Moving To Hetzner Cloud from DigitalOceanby FIGBERT
Since I began working on self-hosting, I’ve been using a DigitalOcean (affiliate link) VPS running Debian 10. However, after investigating the alternatives in the space, I’ll be moving to Hetzner Cloud when my DigitalOcean credits run out in six months. Here’s why.
I went with DigitalOcean as my hosting platform primarily because of the USD$50 credit included with Github Student. I’ve used USD$20 of that credit as of today, and the remaining money should run out around April 2020, giving me almost a year of VPS for free. Not a bad deal.
With that said, as my credits hit the half-way point, I’ve begun to think about what’s to come. Namely, the fact that my current server is running at a constant 80% memory usage – severely limiting what I can self-host.
## Money talks…
I currently use the cheapest DigitalOcean VPS available. I have 1 vCPU, 1GB of RAM, 25GB of SSD, and 1TB of data transfer. All that power is packed in a clean USD$5 per month. This is, as far as cloud hosts go, pretty good bang for your buck. Hetzner blows that out of the water. Take a look at this table:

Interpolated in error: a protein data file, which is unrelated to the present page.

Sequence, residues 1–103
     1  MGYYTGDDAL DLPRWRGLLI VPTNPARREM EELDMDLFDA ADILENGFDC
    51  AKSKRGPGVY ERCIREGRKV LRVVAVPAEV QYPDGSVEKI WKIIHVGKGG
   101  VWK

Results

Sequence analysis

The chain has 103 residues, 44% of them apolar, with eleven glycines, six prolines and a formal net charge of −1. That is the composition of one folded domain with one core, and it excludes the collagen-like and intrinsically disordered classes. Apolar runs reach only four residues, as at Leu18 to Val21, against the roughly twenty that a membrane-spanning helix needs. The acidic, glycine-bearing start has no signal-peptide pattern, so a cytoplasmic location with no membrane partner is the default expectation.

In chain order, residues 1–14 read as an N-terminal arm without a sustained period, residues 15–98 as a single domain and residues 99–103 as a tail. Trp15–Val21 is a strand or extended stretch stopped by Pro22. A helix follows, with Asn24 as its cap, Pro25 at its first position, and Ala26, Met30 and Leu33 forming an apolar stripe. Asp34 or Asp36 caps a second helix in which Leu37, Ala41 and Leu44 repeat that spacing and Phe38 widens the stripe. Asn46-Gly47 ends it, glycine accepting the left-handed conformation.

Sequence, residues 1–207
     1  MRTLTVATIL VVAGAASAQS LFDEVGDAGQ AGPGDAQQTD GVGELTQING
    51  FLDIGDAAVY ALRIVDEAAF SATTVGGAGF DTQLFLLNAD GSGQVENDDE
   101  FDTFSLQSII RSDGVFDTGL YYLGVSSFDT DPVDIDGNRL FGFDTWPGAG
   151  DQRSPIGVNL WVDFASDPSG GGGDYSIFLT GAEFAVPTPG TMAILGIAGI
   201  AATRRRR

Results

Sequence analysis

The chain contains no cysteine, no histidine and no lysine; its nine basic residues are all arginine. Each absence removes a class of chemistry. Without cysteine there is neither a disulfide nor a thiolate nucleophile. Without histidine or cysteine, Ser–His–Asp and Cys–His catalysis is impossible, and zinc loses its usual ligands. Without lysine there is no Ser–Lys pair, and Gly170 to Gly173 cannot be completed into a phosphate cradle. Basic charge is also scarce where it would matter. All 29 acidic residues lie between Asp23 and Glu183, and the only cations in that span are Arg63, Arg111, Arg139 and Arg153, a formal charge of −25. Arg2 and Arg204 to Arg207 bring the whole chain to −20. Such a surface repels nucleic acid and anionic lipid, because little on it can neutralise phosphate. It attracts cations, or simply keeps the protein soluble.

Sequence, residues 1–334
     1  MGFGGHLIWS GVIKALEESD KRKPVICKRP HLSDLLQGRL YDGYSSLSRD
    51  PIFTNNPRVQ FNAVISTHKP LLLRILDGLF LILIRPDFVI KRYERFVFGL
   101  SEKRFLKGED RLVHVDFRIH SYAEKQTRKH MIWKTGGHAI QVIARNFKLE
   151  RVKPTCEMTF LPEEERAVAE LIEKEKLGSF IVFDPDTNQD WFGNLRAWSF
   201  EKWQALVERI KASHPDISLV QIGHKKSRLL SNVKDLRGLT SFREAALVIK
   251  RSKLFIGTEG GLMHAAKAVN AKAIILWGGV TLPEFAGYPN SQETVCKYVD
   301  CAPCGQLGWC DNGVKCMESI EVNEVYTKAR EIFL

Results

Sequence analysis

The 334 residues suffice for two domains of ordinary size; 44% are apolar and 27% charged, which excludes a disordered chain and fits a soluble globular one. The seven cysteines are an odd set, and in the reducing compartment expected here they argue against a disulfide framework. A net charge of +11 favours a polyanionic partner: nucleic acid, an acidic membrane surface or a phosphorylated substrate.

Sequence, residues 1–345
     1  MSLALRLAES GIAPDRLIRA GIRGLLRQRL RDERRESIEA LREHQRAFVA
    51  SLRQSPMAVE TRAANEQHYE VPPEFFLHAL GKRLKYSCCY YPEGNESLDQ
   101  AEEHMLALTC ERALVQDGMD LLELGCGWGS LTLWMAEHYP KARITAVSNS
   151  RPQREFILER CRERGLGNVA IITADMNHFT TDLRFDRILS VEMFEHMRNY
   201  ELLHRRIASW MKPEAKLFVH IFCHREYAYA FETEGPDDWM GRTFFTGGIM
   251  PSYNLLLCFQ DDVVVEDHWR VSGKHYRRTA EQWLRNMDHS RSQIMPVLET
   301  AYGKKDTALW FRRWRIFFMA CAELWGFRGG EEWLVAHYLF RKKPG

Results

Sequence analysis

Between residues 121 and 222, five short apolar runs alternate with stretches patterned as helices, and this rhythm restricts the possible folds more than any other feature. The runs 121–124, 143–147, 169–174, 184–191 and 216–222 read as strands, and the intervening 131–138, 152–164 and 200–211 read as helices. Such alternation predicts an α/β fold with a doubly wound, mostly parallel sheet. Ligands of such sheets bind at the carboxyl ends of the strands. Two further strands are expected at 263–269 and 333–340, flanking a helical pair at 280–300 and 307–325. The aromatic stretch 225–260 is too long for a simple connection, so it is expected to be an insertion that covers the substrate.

Check out the math on that, seriously. Hetzner’s base tier offers 1 vCPU, 2GB of ram, 20GB of SSD, and 20TB of data transfer for USD$3.41 per month. That’s double the ram and 20 times the transfer for almost half the price of my current DigitalOcean droplet. The fourth down in the table above, the one I plan on purchasing, costs USD$1.70 more than DigitalOcean and has quadruple the performace of my current VPS. That’s more than even Docker could need. Ok that might be a slight exaggeration, but it’s still a lot.
## …and it speaks for the trees.
Hetzner is a green hosting provider, as certified by the Green Web Foundation. DigitalOcean is not. Obviously, climate change is important. If we look at it objectively, it’s one of the only extinction-level threats to human existence at the moment. All that is to say that switching to a green hosting provider is the only thing I need to do according to this online website carbon calculator, and you know I can’t resist online website metrics.
## So that’s nice.
Anyways, that’s a pretty good summary of my thoughts on the move. I’m
probably going to use the move to make a few other changes to my hosting
plausible). I’ll keep you all abreast of the latest updates
to my hosting in future posts.
Until then, this is FIGBERT signing off. I should make a more consistent outro.